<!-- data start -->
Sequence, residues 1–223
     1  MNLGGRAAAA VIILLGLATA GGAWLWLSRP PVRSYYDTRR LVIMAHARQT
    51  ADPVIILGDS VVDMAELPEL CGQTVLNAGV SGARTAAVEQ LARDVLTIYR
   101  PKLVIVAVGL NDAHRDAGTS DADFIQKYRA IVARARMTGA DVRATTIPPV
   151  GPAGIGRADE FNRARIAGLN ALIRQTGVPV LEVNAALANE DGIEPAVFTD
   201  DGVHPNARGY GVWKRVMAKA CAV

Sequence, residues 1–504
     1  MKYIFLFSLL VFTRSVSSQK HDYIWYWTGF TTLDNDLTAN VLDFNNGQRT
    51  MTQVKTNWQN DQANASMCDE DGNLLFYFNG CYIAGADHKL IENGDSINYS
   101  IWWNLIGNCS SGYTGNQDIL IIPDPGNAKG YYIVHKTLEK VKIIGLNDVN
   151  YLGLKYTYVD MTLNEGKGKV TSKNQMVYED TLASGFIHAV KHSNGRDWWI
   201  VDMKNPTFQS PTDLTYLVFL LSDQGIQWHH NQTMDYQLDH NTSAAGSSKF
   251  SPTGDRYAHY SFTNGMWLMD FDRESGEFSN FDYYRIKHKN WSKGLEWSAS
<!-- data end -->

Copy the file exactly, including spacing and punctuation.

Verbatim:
Sequence, residues 1–223
     1  MNLGGRAAAA VIILLGLATA GGAWLWLSRP PVRSYYDTRR LVIMAHARQT
    51  ADPVIILGDS VVDMAELPEL CGQTVLNAGV SGARTAAVEQ LARDVLTIYR
   101  PKLVIVAVGL NDAHRDAGTS DADFIQKYRA IVARARMTGA DVRATTIPPV
   151  GPAGIGRADE FNRARIAGLN ALIRQTGVPV LEVNAALANE DGIEPAVFTD
   201  DGVHPNARGY GVWKRVMAKA CAV

Sequence, residues 1–504
     1  MKYIFLFSLL VFTRSVSSQK HDYIWYWTGF TTLDNDLTAN VLDFNNGQRT
    51  MTQVKTNWQN DQANASMCDE DGNLLFYFNG CYIAGADHKL IENGDSINYS
   101  IWWNLIGNCS SGYTGNQDIL IIPDPGNAKG YYIVHKTLEK VKIIGLNDVN
   151  YLGLKYTYVD MTLNEGKGKV TSKNQMVYED TLASGFIHAV KHSNGRDWWI
   201  VDMKNPTFQS PTDLTYLVFL LSDQGIQWHH NQTMDYQLDH NTSAAGSSKF
   251  SPTGDRYAHY SFTNGMWLMD FDRESGEFSN FDYYRIKHKN WSKGLEWSAS